Capital Citizen with Clinton Yates (Mar. 3)

Mar 03, 2014

Local columnist Clinton Yates takes your questions about politics, pop culture, people and whatever else you like from D.C.

How's everyone doing this week, gang? Hope everyone is staying safe in the snow. I wrote a column on Friday about D.C. and young men of color in this city. If you didn't get a chance to read it, you can here

Wondering what your professional path was to here. Where did you work, what did you cover before this, both Post and elsewhere? Inquiring minds...

Well, I did radio and wrote in college (mainly sports), went on to do it after that, then came back to D.C. and continued doing it. Most recently, I was an editor at Express, The Washington Post's free daily for 6 years.

What did you think about Idina Menzels performance of "Let it Go", John Travolta's hair, and "Adele Nazeem"??

To be honest, this wasn't really my bag. Fine song and all, but Frozen is not on my radar as something I care about. Not saying it's a bad movie, I just haven't seen it.

As for Travolta's hair, I mean, that's kind of a cheap shot to me. The guy's trying. But that name botch was unforgivable. It's one thing for Tyson Beckford to call Julia Roberts "Jessica" on a red-carpet pre-show, but it's quite another to screw-up reading a teleprompter.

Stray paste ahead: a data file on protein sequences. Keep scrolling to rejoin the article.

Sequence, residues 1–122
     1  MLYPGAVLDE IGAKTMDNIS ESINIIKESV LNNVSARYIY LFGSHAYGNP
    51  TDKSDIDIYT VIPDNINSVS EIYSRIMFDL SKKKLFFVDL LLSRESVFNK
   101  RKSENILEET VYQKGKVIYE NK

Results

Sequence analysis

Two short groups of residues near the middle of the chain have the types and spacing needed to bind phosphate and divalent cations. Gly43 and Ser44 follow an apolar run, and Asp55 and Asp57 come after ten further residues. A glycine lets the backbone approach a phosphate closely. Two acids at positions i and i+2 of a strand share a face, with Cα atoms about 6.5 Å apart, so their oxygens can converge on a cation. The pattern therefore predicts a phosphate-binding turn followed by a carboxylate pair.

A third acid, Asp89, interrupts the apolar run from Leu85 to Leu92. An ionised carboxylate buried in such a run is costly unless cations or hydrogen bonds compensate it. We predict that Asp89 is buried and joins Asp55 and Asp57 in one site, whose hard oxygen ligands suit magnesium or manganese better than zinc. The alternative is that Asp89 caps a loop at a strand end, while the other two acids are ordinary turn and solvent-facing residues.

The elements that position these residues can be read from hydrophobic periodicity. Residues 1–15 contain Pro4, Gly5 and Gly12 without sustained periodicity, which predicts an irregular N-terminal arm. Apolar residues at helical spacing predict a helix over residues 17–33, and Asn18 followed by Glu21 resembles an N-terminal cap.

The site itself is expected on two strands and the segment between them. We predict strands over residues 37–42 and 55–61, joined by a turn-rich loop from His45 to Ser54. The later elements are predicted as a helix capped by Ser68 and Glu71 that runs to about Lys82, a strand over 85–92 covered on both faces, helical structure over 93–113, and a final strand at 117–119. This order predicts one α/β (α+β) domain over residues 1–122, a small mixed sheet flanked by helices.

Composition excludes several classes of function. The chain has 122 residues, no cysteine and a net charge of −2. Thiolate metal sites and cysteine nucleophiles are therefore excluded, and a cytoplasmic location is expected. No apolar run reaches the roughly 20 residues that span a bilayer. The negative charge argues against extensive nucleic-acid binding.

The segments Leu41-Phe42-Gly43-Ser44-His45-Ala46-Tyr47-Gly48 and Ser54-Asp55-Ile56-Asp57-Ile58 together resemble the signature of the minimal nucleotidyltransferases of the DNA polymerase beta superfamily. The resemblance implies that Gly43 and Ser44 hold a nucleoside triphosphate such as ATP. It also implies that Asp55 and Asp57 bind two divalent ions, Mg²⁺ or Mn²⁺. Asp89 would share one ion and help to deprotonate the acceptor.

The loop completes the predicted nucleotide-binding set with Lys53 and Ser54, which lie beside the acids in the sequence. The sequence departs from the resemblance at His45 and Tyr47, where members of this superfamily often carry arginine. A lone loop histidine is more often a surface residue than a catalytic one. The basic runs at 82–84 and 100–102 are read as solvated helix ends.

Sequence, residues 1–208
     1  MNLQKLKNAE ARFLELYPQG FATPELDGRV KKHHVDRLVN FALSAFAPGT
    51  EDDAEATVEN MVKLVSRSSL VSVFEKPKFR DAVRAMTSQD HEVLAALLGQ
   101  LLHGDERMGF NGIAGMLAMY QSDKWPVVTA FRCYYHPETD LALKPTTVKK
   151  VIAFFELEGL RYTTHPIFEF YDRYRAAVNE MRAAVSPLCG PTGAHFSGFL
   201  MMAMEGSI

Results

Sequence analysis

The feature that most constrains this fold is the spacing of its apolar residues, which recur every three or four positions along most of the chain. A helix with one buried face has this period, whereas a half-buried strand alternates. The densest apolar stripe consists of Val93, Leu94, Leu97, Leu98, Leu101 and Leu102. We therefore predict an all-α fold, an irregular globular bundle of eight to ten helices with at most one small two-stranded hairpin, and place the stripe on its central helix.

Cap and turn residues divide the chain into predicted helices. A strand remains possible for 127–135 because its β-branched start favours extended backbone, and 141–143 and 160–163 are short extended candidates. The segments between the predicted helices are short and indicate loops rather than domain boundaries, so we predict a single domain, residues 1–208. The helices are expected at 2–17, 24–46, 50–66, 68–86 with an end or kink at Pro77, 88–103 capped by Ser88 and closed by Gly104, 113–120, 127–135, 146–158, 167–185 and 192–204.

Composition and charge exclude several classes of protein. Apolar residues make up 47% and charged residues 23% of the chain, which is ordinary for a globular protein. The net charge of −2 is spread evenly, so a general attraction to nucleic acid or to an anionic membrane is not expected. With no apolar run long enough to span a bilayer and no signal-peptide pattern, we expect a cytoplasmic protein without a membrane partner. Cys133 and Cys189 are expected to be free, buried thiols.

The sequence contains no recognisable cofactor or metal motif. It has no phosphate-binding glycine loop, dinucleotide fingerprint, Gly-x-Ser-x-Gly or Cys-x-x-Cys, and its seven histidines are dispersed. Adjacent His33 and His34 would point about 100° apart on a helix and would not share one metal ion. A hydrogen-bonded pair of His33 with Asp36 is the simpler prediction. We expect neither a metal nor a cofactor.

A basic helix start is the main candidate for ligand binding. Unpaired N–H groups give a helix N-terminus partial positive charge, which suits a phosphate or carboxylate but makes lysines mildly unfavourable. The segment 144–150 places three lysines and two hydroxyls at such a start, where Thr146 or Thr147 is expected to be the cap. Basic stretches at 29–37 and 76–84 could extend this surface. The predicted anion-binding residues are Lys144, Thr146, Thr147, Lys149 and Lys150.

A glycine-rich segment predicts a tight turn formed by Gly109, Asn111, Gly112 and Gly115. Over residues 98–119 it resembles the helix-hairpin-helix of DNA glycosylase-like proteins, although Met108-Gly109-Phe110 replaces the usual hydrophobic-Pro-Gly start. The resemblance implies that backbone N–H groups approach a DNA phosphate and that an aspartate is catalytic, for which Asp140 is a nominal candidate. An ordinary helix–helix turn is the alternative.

I've heard reports that he's apparently dyslexic, in which case I wonder why he didn't simply memorize her name beforehand. All that aside, a mistake is a mistake, but if you're going to make a mistake, there's no need to use a weird accent while you do it.

I enjoyed Pharrell's song the most (particularly dancing with Lupita), but I thought Pink's was in fact, the best.

Pharrell's new album is good. How good?

I literally just pressed play on it to listen to for the first time in full while I do this chat. So, I'll let you know by the end, deal?

1. Jeans pulled down and underwear showing in public vs. Tying your own tie 2. Good Game vs. Throwing a fit when a call does not go your way 3. I'm sorry (for real) vs. I'm sorry(to get off the hook) 4. Cleaning your fingernails with a nail file vs. Cleaning the dirt out with your teeth 5. Hat off vs. Wearing a baseball cap with a suit

Ha, well, this is quite the question. Presumably this will lead this chat eventually down the road of being an all-around advice column, but that's a different story. And first of all, none of this has anything to do with being a "gentleman" which is a bogus old-world concept based on foolishness anyways.

1. I'm 32, and people's underwear showing is not something that inherently offends me. That's why they make them in different colors. Also, tying your own tie? As opposed to what? A clip-on? That's for little boys.

2. This is a false construct that creates a weird dichotomy. Anyone who's ever played sports at even the lowest levels knows that these are not the only two options.

3. I have no idea what any of that really means. You probably shouldn't ever say anything you don't mean, if the person you're speaking to can't tell the difference. 


4. Nail files, the last I check were for filing your nails, not cleaning them. That said, I clean/file/groom/whatever my fingernails the same way I have since I was 10. With my mouth.

5. I only wear suits to weddings and funerals. So unless someone's getting married or buried at the ballpark, I can't imagine this situation becoming a problem.